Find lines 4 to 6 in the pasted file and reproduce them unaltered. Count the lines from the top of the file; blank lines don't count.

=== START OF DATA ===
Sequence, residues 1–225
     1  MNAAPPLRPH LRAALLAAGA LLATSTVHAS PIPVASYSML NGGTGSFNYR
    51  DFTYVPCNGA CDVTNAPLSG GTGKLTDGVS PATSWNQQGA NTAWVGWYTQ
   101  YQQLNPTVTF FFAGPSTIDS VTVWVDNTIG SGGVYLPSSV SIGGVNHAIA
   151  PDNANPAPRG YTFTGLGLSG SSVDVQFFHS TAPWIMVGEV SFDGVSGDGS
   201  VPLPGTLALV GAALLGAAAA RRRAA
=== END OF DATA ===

   101  YQQLNPTVTF FFAGPSTIDS VTVWVDNTIG SGGVYLPSSV SIGGVNHAIA
   151  PDNANPAPRG YTFTGLGLSG SSVDVQFFHS TAPWIMVGEV SFDGVSGDGS
   201  VPLPGTLALV GAALLGAAAA RRRAA